‘Every step I take’: Living with rheumatoid arthritis for 30 years

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A Coleraine woman has bravely spoken out about her daily struggles having lived with rheumatoid arthritis for almost 30 years.

Gillian Coward (62) was diagnosed with the crippling conditions when she was just 33 and says it has had a significant affect on her life and even her friendships.

Gillian agreed to be filmed about her own experiences of RA as Arthritis Care revealed that less than half (44%) of people with rheumatoid arthritis in the UK feel prepared before they visit their RA doctor or nurse, and only a third (37%) saying they feel confident before they enter the consultation room.

Over 50 per cent (53%) of respondents stated that as RA is not a ‘visible’ disease, it can be difficult to discuss the concerns around their condition with their doctor or nurse.

When she was diagnosed more than 30 years ago Gillian said that she did not have the benefit of the internet to find out more about the condition.

But since then she has fully realised how all pervasive RA is: “I’m remembering the words of a song which begin, ‘Every move you make, every step you take,’ and that’s how RA affects my life, particularly during flare-ups, getting up in the morning, getting dressed, holding a toothbrush, a hairbrush, turning a key in a lock, it affects every part of your life,” she says.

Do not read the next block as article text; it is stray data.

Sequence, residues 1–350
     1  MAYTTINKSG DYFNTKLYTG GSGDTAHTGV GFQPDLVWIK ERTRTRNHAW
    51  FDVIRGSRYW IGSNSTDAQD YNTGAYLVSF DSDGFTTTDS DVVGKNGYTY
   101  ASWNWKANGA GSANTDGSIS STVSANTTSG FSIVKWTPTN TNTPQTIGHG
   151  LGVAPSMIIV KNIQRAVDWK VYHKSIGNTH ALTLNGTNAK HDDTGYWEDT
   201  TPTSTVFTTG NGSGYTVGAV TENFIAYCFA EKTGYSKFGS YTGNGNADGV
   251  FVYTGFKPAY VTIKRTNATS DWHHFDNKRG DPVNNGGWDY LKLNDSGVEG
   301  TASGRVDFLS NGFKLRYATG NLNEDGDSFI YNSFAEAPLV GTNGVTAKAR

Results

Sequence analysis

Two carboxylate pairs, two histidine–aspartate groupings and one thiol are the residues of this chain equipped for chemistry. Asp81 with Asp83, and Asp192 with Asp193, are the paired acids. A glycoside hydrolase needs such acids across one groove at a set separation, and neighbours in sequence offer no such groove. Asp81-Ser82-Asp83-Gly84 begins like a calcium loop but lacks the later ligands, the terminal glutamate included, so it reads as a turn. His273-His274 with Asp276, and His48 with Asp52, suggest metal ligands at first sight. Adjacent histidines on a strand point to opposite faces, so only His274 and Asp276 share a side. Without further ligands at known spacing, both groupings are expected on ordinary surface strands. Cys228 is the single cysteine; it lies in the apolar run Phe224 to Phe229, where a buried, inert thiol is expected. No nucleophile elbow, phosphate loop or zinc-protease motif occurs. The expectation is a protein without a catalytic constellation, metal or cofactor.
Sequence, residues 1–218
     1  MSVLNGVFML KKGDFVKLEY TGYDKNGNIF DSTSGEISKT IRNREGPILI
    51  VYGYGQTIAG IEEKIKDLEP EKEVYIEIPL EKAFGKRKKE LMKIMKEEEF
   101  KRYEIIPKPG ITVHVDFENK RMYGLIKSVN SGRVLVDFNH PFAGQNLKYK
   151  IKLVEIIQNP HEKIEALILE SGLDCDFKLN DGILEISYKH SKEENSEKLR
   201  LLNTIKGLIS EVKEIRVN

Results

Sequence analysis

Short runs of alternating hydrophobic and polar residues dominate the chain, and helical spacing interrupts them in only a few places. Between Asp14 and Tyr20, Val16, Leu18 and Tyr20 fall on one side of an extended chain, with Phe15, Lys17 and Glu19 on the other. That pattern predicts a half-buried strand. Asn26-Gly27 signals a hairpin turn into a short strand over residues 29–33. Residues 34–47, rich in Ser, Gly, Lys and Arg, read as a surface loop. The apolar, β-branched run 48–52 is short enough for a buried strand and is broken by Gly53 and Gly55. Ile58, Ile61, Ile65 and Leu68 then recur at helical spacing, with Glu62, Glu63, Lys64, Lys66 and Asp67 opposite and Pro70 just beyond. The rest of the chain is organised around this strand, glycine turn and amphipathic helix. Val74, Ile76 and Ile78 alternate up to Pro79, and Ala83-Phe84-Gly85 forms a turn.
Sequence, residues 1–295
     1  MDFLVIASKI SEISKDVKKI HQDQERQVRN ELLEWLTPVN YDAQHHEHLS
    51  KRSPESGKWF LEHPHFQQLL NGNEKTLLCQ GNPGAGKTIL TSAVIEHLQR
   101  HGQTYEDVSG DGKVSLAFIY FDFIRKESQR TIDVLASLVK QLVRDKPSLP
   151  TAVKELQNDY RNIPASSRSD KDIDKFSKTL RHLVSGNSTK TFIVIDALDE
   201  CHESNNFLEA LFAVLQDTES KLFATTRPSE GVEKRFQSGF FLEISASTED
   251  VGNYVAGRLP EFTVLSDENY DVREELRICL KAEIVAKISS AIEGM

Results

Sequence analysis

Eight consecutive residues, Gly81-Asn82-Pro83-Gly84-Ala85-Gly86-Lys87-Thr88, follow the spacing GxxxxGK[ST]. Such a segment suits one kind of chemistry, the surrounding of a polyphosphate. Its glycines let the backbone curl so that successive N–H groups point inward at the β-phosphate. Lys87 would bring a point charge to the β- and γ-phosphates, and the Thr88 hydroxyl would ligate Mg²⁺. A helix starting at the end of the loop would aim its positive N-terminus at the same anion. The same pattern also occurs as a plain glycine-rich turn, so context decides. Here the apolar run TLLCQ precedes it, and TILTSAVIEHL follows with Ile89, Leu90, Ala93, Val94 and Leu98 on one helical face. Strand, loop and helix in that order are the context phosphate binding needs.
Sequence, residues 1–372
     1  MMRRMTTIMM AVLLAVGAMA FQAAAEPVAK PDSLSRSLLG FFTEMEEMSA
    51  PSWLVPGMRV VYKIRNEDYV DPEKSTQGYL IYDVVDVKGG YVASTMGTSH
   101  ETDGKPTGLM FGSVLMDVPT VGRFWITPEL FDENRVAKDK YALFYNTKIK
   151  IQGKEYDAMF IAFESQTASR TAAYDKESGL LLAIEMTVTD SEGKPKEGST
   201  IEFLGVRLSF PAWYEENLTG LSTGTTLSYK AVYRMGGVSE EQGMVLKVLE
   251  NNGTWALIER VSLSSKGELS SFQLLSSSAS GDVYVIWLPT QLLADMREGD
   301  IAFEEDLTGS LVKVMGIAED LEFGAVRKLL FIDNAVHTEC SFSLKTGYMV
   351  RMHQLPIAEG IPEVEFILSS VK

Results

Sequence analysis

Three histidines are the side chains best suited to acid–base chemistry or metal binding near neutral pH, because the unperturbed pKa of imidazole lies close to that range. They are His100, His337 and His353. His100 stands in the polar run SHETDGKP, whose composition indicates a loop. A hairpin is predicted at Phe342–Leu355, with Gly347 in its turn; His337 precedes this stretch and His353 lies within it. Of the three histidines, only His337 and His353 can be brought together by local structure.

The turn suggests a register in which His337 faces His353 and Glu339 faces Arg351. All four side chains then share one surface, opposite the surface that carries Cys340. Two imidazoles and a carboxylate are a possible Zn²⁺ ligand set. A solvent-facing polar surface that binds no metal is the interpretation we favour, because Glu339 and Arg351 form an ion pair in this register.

I think during the past, let’s say, 30 years that I’ve been treated, initially, there were many fewer resources in this area. For example, I was treated by a consultant physician, initially, rather than a rheumatologist. I was very happy with the treatment I received, because he was very well-informed about arthritis as a condition, but, nevertheless, for surgeries and for specialist treatments, I was obliged to travel quite a long way away.”

Gillian said that being able to communicate clearly with medical professionals will result in alleviating any fears, such as her own phobia of needles.

“It’s absolutely vital to have open and honest conversations with your doctor,” she says. “You’ve got to realise that they are there to assist and help you, and they can only do this if you are open and honest, and if you realise that you’re building a partnership, you’re not just a passive receiver of treatment.

“My disease has had quite an impact on my friendships. I think I need friends who listen to me and help me when I ask for help, but sometimes I also need friends that are able to step in and say, ‘Gillian, stop, wait, you need help now.

“My hopes and expectations for the future are that I can remain as active as I am at the moment and as involved in things that interest me, such as Arthritis Care.”

“and my friendships and my wide range of activities locally.”